Pfister v. Allied Corp., 539 F. Supp. 224 (S.D.N.Y. 1982)

US District Court for the Southern District of New York - 539 F. Supp. 224 (S.D.N.Y. 1982)
April 29, 1982

539 F. Supp. 224 (1982)

William A. PFISTER, Plaintiff,
ALLIED CORPORATION (formerly Allied Chemical Corporation), a New York corporation, Defendant.

No. 81 CIV 8093 (LBS).

United States District Court, S. D. New York.

April 29, 1982.

*225 John Fellinger, New York City, for plaintiff; William P. Larsen, III, New York City, of counsel.

Kaye, Scholer, Fierman, Hays & Handler, Andrea S. Christensen, New York City, for defendant.


SAND, District Judge.

Plaintiff, William A. Pfister, was employed by the defendant, Allied Corporation, as Assistant General Counsel. On September 17, 1979, the plaintiff was given written notification that he would be officially terminated on October 31, 1979, though his actual last day of work was September 31, 1979. According to the plaintiff, on April 23, 1980, he filed a charge of age discrimination with the Equal Employment Opportunity Commission ("EEOC"). The EEOC notified the defendant by letter dated May 14, 1980 that it would commence its conciliation efforts. Two months later, by letter dated July 14, 1980, the EEOC informed the plaintiff that conciliation efforts had failed, and that the plaintiff could initiate his own private action.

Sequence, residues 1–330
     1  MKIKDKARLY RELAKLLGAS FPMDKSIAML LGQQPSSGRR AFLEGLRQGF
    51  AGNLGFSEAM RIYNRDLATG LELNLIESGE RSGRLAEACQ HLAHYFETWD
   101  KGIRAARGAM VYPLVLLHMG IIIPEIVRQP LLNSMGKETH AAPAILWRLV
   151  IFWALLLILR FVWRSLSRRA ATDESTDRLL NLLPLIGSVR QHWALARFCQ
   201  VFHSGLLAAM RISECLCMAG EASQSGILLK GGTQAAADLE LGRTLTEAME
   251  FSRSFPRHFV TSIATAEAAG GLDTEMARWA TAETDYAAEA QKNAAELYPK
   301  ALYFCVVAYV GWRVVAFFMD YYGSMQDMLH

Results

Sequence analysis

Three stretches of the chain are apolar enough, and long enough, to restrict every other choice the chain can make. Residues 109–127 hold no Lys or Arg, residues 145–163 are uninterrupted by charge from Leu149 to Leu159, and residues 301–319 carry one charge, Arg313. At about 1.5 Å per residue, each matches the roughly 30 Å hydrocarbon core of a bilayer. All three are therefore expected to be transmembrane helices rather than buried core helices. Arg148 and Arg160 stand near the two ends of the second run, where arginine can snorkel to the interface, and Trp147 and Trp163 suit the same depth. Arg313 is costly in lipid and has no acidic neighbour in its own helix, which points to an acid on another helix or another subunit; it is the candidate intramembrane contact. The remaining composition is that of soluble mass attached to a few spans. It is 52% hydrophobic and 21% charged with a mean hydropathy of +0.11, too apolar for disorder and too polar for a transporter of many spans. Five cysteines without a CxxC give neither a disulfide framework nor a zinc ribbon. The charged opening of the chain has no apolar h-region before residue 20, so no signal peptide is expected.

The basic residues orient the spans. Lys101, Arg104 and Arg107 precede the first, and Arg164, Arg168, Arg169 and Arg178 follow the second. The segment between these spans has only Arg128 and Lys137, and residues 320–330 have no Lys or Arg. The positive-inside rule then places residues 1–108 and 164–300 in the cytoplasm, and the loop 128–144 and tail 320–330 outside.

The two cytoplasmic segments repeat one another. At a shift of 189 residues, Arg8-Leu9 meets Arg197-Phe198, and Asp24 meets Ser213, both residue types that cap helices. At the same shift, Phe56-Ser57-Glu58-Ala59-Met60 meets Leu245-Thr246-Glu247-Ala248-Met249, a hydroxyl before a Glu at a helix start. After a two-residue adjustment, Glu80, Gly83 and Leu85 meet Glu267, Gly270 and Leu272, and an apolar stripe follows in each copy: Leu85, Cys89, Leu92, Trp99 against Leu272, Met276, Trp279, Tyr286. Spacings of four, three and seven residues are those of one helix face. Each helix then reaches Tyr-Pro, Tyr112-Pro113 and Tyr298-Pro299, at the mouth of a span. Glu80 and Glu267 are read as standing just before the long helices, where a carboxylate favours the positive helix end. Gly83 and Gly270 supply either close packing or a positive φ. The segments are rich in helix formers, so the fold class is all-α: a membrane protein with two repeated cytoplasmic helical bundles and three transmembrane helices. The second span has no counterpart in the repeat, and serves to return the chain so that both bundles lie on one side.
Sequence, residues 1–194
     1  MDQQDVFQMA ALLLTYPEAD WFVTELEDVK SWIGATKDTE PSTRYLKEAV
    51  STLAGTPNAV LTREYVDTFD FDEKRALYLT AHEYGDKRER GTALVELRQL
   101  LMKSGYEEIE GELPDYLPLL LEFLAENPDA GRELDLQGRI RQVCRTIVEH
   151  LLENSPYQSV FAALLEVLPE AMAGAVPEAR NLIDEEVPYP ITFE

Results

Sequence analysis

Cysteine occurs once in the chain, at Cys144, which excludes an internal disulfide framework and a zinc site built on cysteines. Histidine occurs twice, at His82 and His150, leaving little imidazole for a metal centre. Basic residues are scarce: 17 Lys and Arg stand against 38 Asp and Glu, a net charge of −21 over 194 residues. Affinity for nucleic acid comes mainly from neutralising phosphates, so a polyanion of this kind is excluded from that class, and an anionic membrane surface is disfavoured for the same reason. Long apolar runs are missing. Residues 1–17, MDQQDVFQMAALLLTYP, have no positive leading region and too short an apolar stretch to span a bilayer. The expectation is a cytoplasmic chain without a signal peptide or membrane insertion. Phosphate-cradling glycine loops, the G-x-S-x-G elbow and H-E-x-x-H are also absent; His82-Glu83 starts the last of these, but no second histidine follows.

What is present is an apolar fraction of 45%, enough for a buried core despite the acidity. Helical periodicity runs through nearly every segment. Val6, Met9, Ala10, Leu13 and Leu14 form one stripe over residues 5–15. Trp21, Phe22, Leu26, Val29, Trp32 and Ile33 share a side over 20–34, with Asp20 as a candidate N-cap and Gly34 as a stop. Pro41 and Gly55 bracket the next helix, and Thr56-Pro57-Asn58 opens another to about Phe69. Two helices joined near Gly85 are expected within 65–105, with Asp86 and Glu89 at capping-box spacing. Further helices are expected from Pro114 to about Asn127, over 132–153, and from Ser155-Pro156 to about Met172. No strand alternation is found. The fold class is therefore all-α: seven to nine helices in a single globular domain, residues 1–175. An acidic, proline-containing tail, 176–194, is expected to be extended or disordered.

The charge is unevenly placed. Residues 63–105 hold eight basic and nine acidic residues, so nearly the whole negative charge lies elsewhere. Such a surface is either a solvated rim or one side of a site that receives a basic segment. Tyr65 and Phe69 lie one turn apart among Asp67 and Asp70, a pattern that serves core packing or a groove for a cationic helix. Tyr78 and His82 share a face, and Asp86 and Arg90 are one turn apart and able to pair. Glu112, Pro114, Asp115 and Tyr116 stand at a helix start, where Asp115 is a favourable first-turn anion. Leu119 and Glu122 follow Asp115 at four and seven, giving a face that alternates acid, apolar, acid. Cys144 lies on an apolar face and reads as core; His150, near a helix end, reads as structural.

The plaintiff alleges that "during the time surrounding his termination," he made repeated attempts to persuade Allied to "reserve its employment decision," and that on or about January 20, 1981, the defendant offered the plaintiff approximately $10,000 to settle his case and withdraw his charge. Plaintiff's Brief at 1-2. According to the plaintiff, although no settlement was reached, "plaintiff continued to seek amicable resolution of his grievance with the defendant" and Allied showed "a willingness to discuss the matter." Plaintiff's Brief at 2.

*226 On December 29, 1981, the plaintiff commenced the present action alleging that he was unlawfully terminated because of his age in violation of the Age Discrimination in Employment Act, 29 U.S.C. §§ 621 et seq. ("ADEA").

The defendant has brought this motion to dismiss the complaint on the grounds that the plaintiff's suit is untimely since it was not commenced within the two-year statute of limitations period for non-willful violations, and for failure to state a claim upon which relief can be granted.

The statute of limitations for actions brought under the ADEA is determined by § 255 of the Portal-to-Portal Pay Act which provides:

"[an action] may be commenced within two years after the cause of action accrued, and every such action shall be forever barred unless commenced within two years after the cause of action accrued. ..."

29 U.S.C. § 255(a). The defendant asserts that a cause of action for wrongful termination under the ADEA accrues on the date that the employee receives notice of the alleged unlawful action, and the plaintiff contends that such an action accrues when the employee's termination actually takes effect.